Late poll puts the cat among the pigeons

Today’s Sunday Times poll has set pigeons among cats and tossed works into spanners. Navigating the Byzantine wiles of the electoral college, You Gov has picked perceived wisdom up by the lapels, given it a good shake, and dumped it in the recycling bin by predicting a wafer thin victory for Ed Miliband.

Although the full figures have not yet been released, the poll shows David Miliband ahead 36% to 32% on 1st preferences, with Ed overhauling him 51% to 49% when 2nd preferences, 3rd preferences and the result of the Doggets Coat & Badge are factored in.

Over at Political Betting, Mike Smithson has a more detailed breakdown of the figures, which indicate Ed M will sneak the ‘Members’ section 52% to 48%,  romp home amongst the ‘Trade Unionists’ 57% to 43%, but fall flat with ‘MPs and MEPs’, losing 44% -56% to David.

The response from the two camps has been predictable. “We are not complacent but confident” – David. “The Party is uniting behind us” – Ed.

Privately, however, there is growing concern amongst MPs and senior party activists that the disparity between Trade Union support for Ed and Parliamentary support for David raises  the spectre of a ‘nightmare scenario’ , in which one of the brothers wins with a mandate from only one of three sections of the college.

Although much has been made in the last week of a David Miliband ‘sweep’, including a majority of affiliates, this is privately discounted by both camps, who acknowledge Ed’s lead amongst Trade Unions is unassailable. Similarly, although Ed’s campaign has been talking boldly of their own ‘full-house’, it’s virtually certain David will secure a majority amongst his parliamentary colleagues and MEP’s, though the margin is less clear. Paradoxically, there are even some around DM who believe the poll may provide a wake up call to waverers who had presumed an easy David Miliband victory and were toying with Ed as a ‘New Labour’ protest vote.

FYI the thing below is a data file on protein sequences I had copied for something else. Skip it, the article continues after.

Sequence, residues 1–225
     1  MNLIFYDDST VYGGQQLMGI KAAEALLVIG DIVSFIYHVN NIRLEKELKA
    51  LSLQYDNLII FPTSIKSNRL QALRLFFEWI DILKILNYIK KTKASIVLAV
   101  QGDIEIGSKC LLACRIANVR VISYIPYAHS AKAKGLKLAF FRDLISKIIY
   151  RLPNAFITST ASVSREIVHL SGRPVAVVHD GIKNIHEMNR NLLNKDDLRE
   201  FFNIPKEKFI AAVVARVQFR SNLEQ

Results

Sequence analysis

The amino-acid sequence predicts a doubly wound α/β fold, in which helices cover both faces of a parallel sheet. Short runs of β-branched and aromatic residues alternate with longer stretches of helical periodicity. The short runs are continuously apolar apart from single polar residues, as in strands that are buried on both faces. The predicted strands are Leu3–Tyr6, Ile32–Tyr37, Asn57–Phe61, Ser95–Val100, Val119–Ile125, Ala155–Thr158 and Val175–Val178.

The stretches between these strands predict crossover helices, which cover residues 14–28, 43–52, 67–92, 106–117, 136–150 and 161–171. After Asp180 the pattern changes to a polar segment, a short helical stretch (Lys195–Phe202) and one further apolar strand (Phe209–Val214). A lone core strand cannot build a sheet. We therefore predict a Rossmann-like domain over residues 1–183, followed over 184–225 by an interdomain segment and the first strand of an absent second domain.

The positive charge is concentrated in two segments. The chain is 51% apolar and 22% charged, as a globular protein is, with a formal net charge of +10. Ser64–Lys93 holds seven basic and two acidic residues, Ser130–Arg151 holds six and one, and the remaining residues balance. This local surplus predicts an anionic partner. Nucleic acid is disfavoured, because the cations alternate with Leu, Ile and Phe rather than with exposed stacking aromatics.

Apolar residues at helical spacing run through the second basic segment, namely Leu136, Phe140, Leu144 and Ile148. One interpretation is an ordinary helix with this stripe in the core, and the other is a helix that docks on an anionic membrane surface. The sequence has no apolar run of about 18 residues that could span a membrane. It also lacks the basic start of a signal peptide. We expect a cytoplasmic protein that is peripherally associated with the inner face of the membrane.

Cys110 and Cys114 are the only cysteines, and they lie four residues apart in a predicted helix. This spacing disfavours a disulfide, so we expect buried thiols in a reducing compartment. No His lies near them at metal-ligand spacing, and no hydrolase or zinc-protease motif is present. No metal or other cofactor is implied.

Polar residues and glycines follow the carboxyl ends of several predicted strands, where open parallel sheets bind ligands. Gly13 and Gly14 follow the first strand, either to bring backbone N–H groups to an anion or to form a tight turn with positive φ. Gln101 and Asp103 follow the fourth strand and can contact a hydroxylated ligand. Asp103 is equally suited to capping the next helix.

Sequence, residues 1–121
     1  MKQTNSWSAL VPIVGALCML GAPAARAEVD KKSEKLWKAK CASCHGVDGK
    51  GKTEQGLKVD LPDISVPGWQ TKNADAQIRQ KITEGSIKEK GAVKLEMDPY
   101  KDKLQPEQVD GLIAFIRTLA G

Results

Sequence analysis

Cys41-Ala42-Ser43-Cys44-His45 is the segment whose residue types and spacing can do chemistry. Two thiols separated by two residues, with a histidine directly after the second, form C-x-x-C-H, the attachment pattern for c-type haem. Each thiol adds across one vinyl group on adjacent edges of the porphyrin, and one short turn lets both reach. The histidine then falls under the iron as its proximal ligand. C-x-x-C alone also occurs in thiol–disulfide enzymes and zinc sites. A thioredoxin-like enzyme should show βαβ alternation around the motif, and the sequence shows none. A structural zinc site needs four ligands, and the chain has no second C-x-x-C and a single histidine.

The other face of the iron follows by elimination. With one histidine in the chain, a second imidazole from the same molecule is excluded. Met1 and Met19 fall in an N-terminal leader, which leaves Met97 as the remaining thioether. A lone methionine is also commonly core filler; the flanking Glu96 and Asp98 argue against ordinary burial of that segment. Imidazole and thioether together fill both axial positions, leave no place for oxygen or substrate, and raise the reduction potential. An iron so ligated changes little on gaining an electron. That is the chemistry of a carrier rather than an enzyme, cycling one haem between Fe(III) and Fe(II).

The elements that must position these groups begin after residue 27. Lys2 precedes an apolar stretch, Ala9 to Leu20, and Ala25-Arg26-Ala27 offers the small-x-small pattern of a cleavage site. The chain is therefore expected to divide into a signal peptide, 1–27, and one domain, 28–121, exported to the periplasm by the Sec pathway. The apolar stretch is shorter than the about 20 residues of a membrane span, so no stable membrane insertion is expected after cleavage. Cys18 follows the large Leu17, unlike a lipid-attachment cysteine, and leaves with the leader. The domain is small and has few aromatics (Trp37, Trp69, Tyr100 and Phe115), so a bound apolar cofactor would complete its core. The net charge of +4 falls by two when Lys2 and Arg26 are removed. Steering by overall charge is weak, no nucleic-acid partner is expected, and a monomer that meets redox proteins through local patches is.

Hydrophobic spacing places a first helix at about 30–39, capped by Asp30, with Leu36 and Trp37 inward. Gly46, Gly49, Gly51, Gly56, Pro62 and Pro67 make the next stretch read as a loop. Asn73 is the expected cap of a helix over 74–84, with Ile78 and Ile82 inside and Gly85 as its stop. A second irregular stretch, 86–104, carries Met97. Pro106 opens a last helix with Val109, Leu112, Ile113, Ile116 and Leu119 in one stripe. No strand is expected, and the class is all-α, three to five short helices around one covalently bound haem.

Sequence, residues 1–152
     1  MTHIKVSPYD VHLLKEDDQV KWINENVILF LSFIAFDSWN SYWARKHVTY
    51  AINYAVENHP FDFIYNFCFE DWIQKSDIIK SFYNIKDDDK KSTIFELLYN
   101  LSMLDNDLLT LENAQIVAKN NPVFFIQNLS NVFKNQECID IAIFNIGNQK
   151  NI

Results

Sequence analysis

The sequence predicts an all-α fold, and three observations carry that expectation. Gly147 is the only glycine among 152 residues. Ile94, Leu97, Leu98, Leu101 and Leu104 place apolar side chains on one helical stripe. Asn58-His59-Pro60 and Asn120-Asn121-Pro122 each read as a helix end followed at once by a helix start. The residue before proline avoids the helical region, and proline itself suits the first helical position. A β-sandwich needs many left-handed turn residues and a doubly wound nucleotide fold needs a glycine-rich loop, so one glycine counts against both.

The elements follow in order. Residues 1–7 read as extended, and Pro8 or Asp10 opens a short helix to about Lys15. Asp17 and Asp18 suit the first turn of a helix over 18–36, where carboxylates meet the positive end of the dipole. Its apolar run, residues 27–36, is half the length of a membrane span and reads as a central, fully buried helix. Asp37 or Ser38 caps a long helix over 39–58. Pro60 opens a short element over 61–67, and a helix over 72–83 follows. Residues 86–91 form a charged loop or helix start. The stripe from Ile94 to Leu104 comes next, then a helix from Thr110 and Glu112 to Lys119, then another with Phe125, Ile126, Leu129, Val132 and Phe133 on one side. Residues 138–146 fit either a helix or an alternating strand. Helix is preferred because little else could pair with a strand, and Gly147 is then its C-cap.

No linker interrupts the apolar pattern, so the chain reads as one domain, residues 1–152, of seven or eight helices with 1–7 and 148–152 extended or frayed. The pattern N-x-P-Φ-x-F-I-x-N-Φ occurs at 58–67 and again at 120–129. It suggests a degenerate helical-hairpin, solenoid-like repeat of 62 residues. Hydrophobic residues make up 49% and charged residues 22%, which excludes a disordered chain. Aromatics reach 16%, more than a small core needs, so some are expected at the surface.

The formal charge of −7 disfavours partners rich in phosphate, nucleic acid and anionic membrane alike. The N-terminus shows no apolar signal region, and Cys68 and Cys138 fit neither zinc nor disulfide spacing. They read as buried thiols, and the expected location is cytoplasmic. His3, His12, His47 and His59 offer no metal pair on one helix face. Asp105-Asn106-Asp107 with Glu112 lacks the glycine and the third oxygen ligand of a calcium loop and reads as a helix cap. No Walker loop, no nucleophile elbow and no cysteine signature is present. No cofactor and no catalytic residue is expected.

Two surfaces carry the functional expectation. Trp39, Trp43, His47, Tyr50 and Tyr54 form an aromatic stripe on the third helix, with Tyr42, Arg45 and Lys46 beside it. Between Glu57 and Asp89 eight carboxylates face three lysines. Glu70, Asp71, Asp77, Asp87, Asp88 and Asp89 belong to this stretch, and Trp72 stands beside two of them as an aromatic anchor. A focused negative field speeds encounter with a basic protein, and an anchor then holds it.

The key appears to be the Constituency section, and here the perception of the campaigns divide. Ed Miliband is convinced his ‘secret weapon’, “the largest field operation that any political campaign has had in a leadership election in the history of British politics”, (not really all that secret then), will put him over the edge. In contrast David Miliband’s camp has become increasingly confidant that his definition as the man to beat Cameron is cutting through. They also point out that polling of ‘activists’ is by nature self-selecting, and that their man has a broader appeal amongst the party’s more ‘passive’ members.

The danger, therefore, lies in the margins. With the Sunday times revealing the difference within the Constituency section to be little more than a sampling error, the possibility of a leader being crowned with a majority of only MPs or affiliates is real.

In such circumstances both campaigns will claim a win is a win. But it might prove a pyrrhic and politically debilitating one.

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One Response to “Late poll puts the cat among the pigeons”

  1. Robert says:

    The big question to ask are these people winners, right now I doubt I’d vote for any of them to run this country, and with the big guns now leaving Labour some even going over to the Tories I mean that out standing politician Blunkett, thats my baby, and Frank Field I’m a Labour Tory Tory Labour politician and the others, it’s not looking so good for Labour.

    lets see who shall I vote for then, liberal nope gone sold out, Labour nope sorry sold out under Blair, so whom I might as well vote for one of the smaller parties BMP nope gone sold out, greens nope to small, stay at home then

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